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Ann Chen is an Adjunct Assistant Professor at Queen's University. Before coming to Queen's, she completed her PhD in second language education at the University of Cambridge and worked for a major testing company in the UK, where she helped to develop a nation-wide language proficiency test. More recently, she has been involved in a variety of educational studies employing mixed-method research designs.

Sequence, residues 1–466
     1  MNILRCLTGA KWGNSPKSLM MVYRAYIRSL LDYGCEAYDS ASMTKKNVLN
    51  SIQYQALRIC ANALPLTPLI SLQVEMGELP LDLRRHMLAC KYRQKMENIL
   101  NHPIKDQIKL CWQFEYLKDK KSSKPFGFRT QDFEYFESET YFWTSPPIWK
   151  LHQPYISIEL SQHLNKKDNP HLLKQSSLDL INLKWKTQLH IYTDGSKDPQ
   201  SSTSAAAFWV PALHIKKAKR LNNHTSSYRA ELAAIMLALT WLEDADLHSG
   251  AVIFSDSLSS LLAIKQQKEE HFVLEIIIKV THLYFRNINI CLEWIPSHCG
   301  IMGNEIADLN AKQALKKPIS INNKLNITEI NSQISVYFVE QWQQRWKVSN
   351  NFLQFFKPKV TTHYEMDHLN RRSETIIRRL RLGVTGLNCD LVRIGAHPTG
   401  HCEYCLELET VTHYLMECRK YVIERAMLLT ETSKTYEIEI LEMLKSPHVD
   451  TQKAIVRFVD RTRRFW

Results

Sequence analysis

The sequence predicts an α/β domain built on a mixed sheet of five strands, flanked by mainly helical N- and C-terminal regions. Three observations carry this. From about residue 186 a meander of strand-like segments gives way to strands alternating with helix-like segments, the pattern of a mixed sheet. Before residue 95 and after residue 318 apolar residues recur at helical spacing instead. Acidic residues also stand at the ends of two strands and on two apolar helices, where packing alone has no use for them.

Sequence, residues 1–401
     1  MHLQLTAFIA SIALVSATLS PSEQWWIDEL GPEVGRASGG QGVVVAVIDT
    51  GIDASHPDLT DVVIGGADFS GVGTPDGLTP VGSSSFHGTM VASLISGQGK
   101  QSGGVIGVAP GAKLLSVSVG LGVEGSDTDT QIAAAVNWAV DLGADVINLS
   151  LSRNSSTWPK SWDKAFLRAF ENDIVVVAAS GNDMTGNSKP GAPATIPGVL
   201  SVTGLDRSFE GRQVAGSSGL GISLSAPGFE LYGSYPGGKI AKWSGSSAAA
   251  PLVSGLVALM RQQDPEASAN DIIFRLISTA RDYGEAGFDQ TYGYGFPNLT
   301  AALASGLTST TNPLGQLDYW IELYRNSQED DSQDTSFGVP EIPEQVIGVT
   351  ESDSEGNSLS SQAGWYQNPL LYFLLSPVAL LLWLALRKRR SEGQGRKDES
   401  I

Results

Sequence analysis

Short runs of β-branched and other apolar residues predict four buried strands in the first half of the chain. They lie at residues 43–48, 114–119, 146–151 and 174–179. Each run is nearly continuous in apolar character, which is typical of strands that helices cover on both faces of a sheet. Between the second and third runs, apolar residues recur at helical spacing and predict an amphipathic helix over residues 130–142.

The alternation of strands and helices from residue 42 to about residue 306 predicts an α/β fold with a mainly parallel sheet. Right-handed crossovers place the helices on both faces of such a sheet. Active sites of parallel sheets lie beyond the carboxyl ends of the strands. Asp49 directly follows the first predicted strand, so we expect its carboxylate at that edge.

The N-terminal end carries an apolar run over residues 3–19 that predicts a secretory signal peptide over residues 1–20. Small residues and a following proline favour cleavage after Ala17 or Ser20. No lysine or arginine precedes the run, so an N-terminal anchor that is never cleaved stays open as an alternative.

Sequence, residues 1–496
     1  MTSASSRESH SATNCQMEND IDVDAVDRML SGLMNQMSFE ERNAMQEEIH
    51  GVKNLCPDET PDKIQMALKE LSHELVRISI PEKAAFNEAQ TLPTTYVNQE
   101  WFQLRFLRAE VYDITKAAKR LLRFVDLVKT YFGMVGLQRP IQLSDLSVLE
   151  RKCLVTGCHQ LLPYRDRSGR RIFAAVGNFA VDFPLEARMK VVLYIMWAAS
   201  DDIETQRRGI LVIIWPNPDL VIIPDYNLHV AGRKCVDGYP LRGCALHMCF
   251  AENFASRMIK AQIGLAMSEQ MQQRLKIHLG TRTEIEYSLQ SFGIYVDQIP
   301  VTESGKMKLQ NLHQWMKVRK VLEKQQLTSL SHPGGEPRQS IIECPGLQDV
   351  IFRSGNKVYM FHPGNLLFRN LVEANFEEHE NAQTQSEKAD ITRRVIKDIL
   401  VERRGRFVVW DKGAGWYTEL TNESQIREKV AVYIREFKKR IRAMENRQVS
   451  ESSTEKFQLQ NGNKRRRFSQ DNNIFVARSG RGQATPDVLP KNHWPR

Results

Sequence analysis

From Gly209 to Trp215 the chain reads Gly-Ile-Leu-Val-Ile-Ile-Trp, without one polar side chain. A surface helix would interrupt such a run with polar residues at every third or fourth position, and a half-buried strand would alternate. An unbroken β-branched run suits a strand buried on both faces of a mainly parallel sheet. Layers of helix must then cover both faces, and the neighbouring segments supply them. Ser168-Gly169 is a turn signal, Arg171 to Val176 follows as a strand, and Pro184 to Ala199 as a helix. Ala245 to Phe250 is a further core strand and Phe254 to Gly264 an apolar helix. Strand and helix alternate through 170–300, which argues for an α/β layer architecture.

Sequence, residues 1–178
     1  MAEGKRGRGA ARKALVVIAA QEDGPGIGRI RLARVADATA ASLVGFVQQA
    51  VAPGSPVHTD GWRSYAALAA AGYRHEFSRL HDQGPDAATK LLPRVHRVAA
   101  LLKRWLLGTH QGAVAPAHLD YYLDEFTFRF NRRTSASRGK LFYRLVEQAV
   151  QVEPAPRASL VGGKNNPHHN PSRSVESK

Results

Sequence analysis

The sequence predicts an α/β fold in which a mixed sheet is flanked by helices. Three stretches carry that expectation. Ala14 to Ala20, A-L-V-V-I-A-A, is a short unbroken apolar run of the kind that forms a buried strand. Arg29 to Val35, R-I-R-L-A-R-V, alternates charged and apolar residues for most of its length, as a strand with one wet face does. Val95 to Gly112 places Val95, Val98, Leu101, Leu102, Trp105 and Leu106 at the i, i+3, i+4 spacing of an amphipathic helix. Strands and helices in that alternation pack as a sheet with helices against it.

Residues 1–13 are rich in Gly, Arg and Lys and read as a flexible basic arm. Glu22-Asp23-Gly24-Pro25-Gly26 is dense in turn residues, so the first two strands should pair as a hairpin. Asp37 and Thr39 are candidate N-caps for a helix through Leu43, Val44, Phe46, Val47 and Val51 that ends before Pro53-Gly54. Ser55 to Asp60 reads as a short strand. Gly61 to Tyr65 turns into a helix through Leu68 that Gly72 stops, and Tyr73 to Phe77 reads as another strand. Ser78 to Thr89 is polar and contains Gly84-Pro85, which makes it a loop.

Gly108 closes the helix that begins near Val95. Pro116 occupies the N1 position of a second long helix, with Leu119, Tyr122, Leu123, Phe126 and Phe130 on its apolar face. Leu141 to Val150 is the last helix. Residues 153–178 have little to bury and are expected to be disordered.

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Abstract